The Takeaway: Kittansett is a staple on every significant Top 100 list of America’s courses and with good reason. The seaside location, history of hosting the 1953 Walker Cup, the walking caddies, and the quality links design combine for a cool old school feel and enjoyable experience. The Country Club is definitely Massachusetts' best course and then it is a battle among Kittansett, Boston Golf Club, and Old Sandwich as the state’s next best track. While I feel Kittansett finishes a close race as 4th best in the state, if you like courses along the lines of Garden City Golf Club, Maidstone, San Francisco Golf Club, and Minikahda then Kittansett should be right up your alley. Grade A-
Designer: William Flynn and Fredric Hood in 1922
Cost: Private Private (caddies provided)
Phone Number: Steve Demmer, Head Professional – (508) 748-0192
Course Website: Official Website - Visit Kittansett's official website by clicking on the link provided.
Accolades: Ranked 84th on Golf Digest's 2013-14 Top 100 Greatest Golf Courses in America and 4th in the state of Massachusetts.
What to Expect: Located on a point jetting out into Buzzards Bay opposite of Cape Cod, Kittansett enjoys one of the most charming locations on the eastern seaboard. The William Flynn design had hundreds of trees eliminated in the 90s under the direction of Gil Hanse who was hired to bring the course back to its roots; a coastal links experience. The length at Kittansett isn’t intimidating, but the wind can be; especially at the signature 3rd hole that plays over the water and is completely exposed to the elements. Factor in relatively tight fairways and smallish greens, and Kittansett is able to challenge every player that tees it up. The course features rugged edged bunkers and with the routing offering a combination of coastal links holes and inland tree lined holes. The terrain is relatively flat and is an easy walk, especially with the assistance of a caddie. The inward nine is a more impressive loop than the outward nine with the par four 16th boasting the most impressive views on the property. The conditioning of the turf is impressive with the firm greens being a pure delight to putt on. The course reminded me quite a bit of Garden City Golf Club in New York due to the similar terrain, interior aesthetics, bunkering, conditioning, and old school feel. In conclusion, Kittansett has long been considered one of the finest tracks on the east coast which should be no surprise to anyone given the opportunity to step onto the property.
By the Numbers
Individual Hole Analysis
Signature Hole: 3rd Hole – 167 Yard Par 3 – Some may argue that not only is the 3rd hole at Kittansett the signature hole on the course, but possibly the signature hole of Massachusetts. This live or die hole plays over Buzzard Bay to a peninsula green that is completely encircled in sand. While playing to island greens on par threes has become much more common today, it was a special experience back when Kittansett opened and doesn't disappoint today.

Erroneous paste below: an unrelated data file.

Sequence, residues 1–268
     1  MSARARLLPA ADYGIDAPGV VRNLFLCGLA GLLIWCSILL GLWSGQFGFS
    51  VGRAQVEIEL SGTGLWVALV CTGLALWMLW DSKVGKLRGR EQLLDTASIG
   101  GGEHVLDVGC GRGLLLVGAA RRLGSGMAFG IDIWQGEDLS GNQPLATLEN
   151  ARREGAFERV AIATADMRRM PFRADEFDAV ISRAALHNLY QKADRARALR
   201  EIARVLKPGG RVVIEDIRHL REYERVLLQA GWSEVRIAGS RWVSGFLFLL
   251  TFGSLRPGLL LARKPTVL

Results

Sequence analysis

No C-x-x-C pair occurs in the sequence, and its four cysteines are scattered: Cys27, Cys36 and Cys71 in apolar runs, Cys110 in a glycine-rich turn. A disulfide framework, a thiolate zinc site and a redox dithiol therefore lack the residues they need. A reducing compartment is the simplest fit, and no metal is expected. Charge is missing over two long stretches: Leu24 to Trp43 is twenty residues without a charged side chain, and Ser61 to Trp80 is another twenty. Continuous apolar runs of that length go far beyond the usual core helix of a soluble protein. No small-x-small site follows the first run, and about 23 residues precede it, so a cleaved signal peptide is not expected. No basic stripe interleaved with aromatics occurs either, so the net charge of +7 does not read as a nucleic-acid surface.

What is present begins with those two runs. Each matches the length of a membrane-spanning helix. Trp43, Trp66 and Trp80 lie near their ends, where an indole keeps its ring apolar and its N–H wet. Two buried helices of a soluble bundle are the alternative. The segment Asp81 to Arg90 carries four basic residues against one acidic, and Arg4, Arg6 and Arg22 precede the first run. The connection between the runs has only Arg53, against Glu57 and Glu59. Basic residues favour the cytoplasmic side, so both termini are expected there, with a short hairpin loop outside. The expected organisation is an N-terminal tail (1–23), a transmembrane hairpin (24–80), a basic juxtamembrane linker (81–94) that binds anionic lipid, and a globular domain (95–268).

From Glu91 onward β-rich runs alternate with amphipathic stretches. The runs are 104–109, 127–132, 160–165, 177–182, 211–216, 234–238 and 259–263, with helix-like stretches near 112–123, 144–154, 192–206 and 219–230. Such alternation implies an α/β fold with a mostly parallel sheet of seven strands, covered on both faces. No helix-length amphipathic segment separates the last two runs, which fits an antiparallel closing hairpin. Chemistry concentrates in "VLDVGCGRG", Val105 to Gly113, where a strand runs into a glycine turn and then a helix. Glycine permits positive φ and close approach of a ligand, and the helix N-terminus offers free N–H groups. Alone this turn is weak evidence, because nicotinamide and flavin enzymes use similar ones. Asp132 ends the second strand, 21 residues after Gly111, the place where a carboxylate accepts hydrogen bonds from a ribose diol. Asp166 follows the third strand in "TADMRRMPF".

Best Par 3: 3rd Hole – 167 Yards – Already featured as the signature hole, the first par three at Kittansett is the hole everyone will remember after playing there. With a gorgeous setting along the beach and over the water, players must contend with various wind conditions as they hit a high lofted club through the elements in hopes that it finds the putting surface. Whether you play well or not at Kittansett, a heroic shot near the flag here will have you walking on cloud nine the rest of the day.
Best Par 4: 16th Hole – 403 Yards – Kittansett's most scenic hole on the back nine is this par four that plays back towards Buzzard Bay. The fairway is more generous than many of the holes on the property but the wind coming off the bay can effectively make the hole much longer and more challenging than the scorecard indicates. From a view and beauty perspective, the 16th and 3rd holes have no rivals at Kittansett.
Best Par 5: 7th Hole – 534 Yards – The tree lined 7th hole gives players an opportunity to get home in two if they challenge the hole properly. A tee shot up the right side will cut the dogleg and shorten the hole, but staying too close to the right or not hitting it far enough will bring a tree into play which could block your route to the green. A fescue strip cuts in front of the green as one last obstacle defending the only par five on the front.
Birdie Time: 18th Hole – 491 Yard Par 5 – A sub-500 yard par five that often plays downwind ought to have every player that visits Kittansett licking their chops. The fairway is as generous as anything you are going to find at the course thus letting you grip it and rip it with little fear of the repercussions. Playing back towards the clubhouse and water is an inspiring view and finishing with a birdie is a satisfying finish.
Bogey Beware: 11th Hole – 241 Yard Par 3 – The longest approach shot of the day is this stout par three that also features the most penal green on the course. The tee shot plays over fescue grass to a green that is protected by a pair of bunkers. The left side of the green is a full three feet higher than the right side and creates some challenging, if not entertaining, shots when trying to maneuver the golf ball close to the hole. It is an extremely demanding hole that will win most battles with golfers that challenge it.